nep-tur New Economics Papers
on Tourism Economics
Issue of 2016‒09‒04
two papers chosen by
Laura Vici
Università di Bologna

  1. Tourist seasonality in Catalonia: The relevance of demand factors By Duro Moreno, Juan Antonio; Turrión Prats, Judith
  2. The Regularity and Irregularity of Travel: an Analysis of the Consistency of Travel Times Associated with Subsistence, Maintenance and Discretionary Activities By Thomas Longden

  1. By: Duro Moreno, Juan Antonio; Turrión Prats, Judith
    Abstract: Tourist seasonality is one of the main imbalances in the mass-destinations. This article seeks to provide more information on seasonality through an analysis of the situation in Catalonia, the most important Spanish region with respect to international tourism. This work focuses on a specific inspection of the main empirical factors. To achieve this, the traditional model of tourism demand has been used primarily as a reference, before an empirical application of a dynamic panel data model of markets for the 2000–2014 period (specifically using the GMM–DIFF model). Results reveal the significance of the inertial factor and the relevance of income and price factors, as well as observable behavioural differentials for some of the main source markets. We believe that the results obtained may be interesting with respect to tourism policies. Keywords: Tourist Seasonality; Dynamic Panel Data Models; Catalonia. JEL Classification: L83, C52.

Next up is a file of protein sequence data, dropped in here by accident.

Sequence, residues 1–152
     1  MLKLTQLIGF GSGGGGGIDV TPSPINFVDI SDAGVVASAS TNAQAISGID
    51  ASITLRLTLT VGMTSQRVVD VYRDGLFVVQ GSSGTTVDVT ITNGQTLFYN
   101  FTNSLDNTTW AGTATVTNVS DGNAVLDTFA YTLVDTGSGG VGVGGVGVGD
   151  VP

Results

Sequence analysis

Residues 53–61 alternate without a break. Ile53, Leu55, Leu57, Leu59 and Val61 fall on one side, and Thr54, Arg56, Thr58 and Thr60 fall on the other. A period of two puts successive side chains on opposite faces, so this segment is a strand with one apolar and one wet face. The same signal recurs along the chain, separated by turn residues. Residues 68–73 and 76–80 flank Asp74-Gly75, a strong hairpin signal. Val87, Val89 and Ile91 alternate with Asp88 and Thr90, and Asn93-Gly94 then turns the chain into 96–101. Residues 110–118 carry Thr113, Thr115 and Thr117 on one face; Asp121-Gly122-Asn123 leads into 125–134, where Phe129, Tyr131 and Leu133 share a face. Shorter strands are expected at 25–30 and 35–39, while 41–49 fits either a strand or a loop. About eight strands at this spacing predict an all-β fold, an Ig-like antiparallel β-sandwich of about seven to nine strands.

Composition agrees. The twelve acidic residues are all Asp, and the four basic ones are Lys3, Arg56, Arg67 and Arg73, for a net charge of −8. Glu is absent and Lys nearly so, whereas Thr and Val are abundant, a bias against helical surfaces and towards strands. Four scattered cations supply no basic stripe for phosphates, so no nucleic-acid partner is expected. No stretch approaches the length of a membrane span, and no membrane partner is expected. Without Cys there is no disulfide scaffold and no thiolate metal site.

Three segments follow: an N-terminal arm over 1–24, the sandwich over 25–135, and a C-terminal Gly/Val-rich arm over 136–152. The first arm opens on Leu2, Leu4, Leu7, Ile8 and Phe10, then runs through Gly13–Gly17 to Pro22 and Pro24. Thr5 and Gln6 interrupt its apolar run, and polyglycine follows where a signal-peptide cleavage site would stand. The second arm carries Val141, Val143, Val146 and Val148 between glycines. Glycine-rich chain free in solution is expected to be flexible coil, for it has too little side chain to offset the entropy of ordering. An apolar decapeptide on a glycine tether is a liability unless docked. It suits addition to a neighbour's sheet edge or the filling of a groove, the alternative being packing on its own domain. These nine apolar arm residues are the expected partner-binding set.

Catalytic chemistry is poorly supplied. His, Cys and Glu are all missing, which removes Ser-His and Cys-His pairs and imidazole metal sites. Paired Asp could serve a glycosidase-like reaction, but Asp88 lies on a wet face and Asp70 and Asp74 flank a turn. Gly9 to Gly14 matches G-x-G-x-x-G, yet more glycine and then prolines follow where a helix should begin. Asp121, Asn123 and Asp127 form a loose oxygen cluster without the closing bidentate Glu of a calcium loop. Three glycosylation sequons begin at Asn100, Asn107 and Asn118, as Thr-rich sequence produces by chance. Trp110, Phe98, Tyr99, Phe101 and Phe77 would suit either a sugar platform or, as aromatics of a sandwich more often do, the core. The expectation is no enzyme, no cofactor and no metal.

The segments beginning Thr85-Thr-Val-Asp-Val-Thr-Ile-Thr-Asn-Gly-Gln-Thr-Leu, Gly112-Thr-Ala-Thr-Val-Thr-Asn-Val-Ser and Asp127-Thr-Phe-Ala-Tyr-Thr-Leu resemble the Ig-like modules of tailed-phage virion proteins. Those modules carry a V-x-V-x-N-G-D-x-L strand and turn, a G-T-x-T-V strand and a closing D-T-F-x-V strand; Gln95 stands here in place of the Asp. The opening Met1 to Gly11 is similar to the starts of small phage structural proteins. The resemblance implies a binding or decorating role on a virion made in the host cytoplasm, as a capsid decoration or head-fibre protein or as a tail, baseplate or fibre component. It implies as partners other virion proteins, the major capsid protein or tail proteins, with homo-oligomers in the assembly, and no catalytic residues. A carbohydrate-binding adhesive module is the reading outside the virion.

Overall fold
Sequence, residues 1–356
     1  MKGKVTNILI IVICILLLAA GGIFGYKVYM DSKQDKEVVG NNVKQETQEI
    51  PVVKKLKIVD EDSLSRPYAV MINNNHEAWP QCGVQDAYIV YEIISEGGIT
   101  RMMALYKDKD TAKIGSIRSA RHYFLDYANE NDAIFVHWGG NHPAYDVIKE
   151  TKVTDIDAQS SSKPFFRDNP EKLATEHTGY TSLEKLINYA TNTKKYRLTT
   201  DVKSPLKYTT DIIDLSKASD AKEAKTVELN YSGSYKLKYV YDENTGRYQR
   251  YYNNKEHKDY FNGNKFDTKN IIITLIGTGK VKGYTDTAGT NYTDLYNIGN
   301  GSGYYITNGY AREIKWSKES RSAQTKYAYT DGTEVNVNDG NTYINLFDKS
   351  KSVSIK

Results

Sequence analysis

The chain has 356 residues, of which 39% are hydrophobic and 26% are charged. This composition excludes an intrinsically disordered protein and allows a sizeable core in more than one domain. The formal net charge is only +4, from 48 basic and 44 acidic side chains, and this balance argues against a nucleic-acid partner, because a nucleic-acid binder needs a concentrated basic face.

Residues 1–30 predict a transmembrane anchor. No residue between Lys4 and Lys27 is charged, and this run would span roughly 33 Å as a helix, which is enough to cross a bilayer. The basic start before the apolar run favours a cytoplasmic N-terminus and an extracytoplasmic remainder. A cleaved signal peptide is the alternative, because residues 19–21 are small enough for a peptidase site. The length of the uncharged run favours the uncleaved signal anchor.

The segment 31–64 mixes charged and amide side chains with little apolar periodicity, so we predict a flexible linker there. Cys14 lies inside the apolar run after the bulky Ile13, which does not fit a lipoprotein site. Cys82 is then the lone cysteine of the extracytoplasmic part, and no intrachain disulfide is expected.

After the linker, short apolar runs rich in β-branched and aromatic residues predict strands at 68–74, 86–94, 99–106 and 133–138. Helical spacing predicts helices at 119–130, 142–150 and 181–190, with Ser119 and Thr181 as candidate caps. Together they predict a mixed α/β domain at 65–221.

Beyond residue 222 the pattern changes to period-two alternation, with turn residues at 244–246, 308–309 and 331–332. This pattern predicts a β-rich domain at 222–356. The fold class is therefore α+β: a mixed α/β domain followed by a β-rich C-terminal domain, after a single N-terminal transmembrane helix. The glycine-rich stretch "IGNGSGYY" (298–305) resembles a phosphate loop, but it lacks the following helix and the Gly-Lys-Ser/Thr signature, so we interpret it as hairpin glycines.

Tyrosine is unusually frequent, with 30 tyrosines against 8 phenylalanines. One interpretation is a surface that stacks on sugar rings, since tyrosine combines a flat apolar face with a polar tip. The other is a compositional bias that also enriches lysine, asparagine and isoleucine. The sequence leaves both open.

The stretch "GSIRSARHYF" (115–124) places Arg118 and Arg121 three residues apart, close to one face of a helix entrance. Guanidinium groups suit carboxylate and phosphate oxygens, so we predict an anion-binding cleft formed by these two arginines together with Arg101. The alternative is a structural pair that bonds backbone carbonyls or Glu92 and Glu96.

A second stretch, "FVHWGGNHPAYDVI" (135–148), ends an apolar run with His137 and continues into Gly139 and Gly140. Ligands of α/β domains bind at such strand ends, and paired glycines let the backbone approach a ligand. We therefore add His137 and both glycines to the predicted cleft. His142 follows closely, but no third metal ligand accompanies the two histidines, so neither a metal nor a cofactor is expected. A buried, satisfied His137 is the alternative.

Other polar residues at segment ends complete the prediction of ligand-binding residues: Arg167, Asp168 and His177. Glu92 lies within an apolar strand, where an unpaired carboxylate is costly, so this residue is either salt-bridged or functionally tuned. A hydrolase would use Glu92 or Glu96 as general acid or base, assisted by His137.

Keywords: Turisme -- Catalunya -- Models economètrics, 338 - Situació econòmica. Política econòmica. Gestió, control i planificació de l'economia. Producció. Serveis. Turisme. Preus,
    Date: 2016
  2. By: Thomas Longden (Centre for Health Economics Research and Evaluation (CHERE), University of Technology Sydney)
    Abstract: Regular and irregular travel patterns coincide with different underlying purposes of travel and days of the week. Within this paper, it is shown that the balance between subsistence (i.e. work) and discretionary (i.e. leisure) activities is related to differences in travel patterns and explains consistency across years. Using eight years of time use diary entries this paper finds that travel time related to subsistence activities tends to be regular and stable. In contrast, travel time associated with discretionary activities tends to be more unpredictable and varies greatly between discretionary and non-discretionary days. These findings have consequences for the travel time budget literature as consistency of average travel time is found to be driven by work days, which are frequent and have stable travel times. This is offset by discretionary days as they tend to have longer travel times with greater variability but are fewer in number.
    Keywords: Travel Time Stability, Time Allocation, Discretionary Activities, Switching Model
    JEL: R4 R41
    Date: 2016–07

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